I know very little about Shatila, only that it’s a camp that was established in 1949 in the south of Beirut on agricultural land to house Palestinian refugees. In 1982 the area entered history as the site of the horrific massacre at Sabra and Shatila camps.
We approach a café where Marwan tells us we will meet his contact.
A young man, almost a boy still, about Adam’s age, is scrubbing red paint off his fingers under a tap. As he’s drying his hands he introduces himself as Muneef. He offers us coffee, which we gratefully accept. As we sip it, I notice from the corner of my eye how he takes a gun from a small shelf underneath the sink and slides it into the back of his trousers. For a second my heart stops. In a panic I glance at the others. Didn’t we come here in order to escape from guns and violence and war? But no one except me seems to have noticed and Muneef appears friendly.
As we leave the café he tells us we’d be better off carrying our bags on our backs. At first I don’t understand what he means, but with his next instruction it begins to make sense.
"Stomp your feet as you walk. It’ll frighten the rats." Marwan has never mentioned rats!
Muneef has plenty of advice, behaving just like a good guide for tourists.
We march through dim, muddy alleyways where hardly any light penetrates even though the sky above us is now brightening. Tangled electrical cables run everywhere above our heads and wrap themselves around water pipes, climbing up the precariously assembled buildings that look like giant matchboxes stacked on top of each other. I gasp at the sight of an exposed copper wire at the end of a sagging cable. Is it live? What if one of our heads skims it as we walk past? Suddenly I struggle to breathe. As if there’s no oxygen left in these alleyways.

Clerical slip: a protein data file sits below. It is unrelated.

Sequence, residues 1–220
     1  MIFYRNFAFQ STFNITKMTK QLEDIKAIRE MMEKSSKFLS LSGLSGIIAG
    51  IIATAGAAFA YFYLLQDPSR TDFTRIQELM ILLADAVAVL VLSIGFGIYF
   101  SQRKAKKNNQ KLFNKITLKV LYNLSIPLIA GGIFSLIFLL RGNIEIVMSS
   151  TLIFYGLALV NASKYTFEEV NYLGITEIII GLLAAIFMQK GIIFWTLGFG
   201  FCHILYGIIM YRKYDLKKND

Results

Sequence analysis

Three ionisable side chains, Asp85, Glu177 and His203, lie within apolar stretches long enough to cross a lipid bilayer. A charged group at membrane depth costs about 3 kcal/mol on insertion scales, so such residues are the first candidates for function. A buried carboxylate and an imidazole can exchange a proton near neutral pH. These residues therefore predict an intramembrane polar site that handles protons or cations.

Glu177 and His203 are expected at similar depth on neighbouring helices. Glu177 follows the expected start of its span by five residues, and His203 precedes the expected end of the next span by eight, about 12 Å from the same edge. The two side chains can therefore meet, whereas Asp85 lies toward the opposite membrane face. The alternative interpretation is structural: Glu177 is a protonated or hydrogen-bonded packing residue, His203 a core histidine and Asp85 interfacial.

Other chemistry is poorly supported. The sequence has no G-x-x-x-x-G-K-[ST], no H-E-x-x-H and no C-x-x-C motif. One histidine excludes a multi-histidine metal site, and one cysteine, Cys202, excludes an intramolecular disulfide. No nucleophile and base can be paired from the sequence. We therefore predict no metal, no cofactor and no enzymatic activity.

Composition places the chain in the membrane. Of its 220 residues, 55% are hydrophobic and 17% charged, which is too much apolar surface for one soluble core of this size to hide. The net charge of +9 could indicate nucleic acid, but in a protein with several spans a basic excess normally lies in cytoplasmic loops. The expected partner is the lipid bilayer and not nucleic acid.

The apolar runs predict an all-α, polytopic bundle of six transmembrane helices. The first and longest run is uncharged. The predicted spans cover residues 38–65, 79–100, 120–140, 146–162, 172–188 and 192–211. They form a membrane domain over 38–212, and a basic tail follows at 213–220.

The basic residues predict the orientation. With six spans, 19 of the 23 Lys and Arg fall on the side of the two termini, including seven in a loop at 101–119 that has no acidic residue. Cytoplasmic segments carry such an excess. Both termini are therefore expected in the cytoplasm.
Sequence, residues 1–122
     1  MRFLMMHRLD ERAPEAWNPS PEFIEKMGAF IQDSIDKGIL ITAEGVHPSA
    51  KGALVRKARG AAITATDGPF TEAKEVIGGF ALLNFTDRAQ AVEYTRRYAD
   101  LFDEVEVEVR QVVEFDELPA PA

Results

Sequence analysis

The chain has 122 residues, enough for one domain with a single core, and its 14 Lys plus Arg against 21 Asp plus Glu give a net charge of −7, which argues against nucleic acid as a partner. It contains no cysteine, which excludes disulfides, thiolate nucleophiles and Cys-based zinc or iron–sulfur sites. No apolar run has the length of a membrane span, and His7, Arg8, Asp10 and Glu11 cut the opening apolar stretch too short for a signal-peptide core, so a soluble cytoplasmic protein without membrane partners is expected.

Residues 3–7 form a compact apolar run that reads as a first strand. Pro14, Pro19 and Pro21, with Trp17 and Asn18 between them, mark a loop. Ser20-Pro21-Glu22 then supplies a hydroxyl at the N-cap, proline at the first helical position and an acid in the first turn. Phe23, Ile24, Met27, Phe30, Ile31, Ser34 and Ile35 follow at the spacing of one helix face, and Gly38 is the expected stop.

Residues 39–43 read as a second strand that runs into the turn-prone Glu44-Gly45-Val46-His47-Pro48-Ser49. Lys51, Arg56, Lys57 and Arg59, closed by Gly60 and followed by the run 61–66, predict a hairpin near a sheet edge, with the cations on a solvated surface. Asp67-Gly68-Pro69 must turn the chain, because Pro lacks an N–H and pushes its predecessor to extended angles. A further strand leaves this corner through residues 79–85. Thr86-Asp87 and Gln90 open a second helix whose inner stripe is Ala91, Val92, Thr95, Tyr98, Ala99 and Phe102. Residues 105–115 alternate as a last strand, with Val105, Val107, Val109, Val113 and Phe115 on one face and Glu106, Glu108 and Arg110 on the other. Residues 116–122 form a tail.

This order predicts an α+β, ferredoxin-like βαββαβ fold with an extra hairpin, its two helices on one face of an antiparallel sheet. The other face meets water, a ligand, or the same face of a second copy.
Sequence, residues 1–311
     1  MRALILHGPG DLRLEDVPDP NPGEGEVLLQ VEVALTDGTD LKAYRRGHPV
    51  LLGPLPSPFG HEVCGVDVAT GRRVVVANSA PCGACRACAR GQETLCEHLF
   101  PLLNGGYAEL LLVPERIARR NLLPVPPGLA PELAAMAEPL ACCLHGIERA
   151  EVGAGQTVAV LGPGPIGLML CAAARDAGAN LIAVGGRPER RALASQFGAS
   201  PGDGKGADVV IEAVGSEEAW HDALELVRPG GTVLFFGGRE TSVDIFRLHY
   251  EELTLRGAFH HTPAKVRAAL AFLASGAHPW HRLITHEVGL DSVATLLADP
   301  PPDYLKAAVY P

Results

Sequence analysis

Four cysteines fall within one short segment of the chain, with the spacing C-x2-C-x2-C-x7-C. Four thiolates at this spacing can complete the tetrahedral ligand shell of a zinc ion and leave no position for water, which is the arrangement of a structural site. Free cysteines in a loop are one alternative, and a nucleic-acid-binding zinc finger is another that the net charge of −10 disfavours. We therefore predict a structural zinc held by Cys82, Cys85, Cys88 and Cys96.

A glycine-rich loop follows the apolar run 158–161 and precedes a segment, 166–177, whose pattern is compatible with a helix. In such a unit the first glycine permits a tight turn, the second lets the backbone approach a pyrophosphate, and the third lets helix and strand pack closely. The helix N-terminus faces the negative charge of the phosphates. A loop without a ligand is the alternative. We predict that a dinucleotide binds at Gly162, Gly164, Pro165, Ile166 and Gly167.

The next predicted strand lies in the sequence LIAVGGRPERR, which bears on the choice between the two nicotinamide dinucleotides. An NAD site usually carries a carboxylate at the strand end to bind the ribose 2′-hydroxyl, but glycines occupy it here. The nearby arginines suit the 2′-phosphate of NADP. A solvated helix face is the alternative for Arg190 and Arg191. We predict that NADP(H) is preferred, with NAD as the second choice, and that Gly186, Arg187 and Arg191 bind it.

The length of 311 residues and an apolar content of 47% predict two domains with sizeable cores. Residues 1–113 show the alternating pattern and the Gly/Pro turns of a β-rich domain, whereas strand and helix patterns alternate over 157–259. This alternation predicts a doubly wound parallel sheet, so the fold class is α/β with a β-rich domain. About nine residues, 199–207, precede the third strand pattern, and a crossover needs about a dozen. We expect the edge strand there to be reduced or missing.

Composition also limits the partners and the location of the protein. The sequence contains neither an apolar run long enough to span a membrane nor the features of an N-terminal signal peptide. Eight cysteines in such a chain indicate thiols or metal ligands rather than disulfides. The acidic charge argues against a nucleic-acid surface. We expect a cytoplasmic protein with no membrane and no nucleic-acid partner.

Three big fat rats cut across the path right in front of my feet, scurrying from one side alley to another, where they leap onto a towering rubbish heap. A thick, dark cloud of flies hovers above it. I shriek. Marwan throws me an angry glance, before looking at my parents with concern. Thankfully they are staring down, trying hard not to slip in this mud. We walk on. I see posters of former camp residents who were killed in the 1982 massacre. And there are many walls covered in graffiti. My eyes fall on a map of Palestine and slogans speaking of a heartfelt desire to return to the homeland. And then there are the flags, all relating to various political factions, including the green Hamas flags, the yellow Fatah ones and the black flags of the Palestinian Islamic Jihad. It dawns on me that the camp must be divided by allegiance to different factions.
Our group comes to a halt. Muneef has stopped in front of a huge, freshly painted slogan: Don’t talk about the camp unless you know it.
"I painted it this morning." He grins proudly. "I’m fed up with people judging us when they don’t even know the camp."
We all nod. But I don’t know what he’s talking about. And I’m sure neither do my parents or Adam. Yet we don’t dare to ask. Instead I see Adam throw a fearful glance at Muneef’s gun in the back of his trousers.
Questions begin circling in my mind as we penetrate ever deeper into this maze of muddy alleys and low-hanging electrical cables. For a moment I turn my face upwards and catch a glimpse of the sky. I observe a flock of pigeons escaping.
Suddenly I am overwhelmed by a feeling that we are now like seeds buried deep in the dark earth. We have arrived in a prison, which we have entered of our own free will, or so it appears. Sentenced without any charge.